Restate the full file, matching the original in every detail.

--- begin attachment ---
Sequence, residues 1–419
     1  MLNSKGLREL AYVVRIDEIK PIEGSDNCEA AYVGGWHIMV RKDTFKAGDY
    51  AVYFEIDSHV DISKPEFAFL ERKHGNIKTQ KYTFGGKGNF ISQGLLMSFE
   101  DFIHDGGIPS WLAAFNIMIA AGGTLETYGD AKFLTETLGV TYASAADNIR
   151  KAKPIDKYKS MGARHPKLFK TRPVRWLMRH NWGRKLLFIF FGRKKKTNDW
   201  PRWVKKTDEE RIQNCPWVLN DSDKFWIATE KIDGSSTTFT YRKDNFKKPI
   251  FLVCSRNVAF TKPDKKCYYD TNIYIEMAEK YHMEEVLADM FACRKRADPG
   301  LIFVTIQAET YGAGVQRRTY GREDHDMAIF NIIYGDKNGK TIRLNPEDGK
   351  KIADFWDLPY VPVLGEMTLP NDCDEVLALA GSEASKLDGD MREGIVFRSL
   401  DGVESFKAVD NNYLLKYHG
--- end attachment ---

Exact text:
Sequence, residues 1–419
     1  MLNSKGLREL AYVVRIDEIK PIEGSDNCEA AYVGGWHIMV RKDTFKAGDY
    51  AVYFEIDSHV DISKPEFAFL ERKHGNIKTQ KYTFGGKGNF ISQGLLMSFE
   101  DFIHDGGIPS WLAAFNIMIA AGGTLETYGD AKFLTETLGV TYASAADNIR
   151  KAKPIDKYKS MGARHPKLFK TRPVRWLMRH NWGRKLLFIF FGRKKKTNDW
   201  PRWVKKTDEE RIQNCPWVLN DSDKFWIATE KIDGSSTTFT YRKDNFKKPI
   251  FLVCSRNVAF TKPDKKCYYD TNIYIEMAEK YHMEEVLADM FACRKRADPG
   301  LIFVTIQAET YGAGVQRRTY GREDHDMAIF NIIYGDKNGK TIRLNPEDGK
   351  KIADFWDLPY VPVLGEMTLP NDCDEVLALA GSEASKLDGD MREGIVFRSL
   401  DGVESFKAVD NNYLLKYHG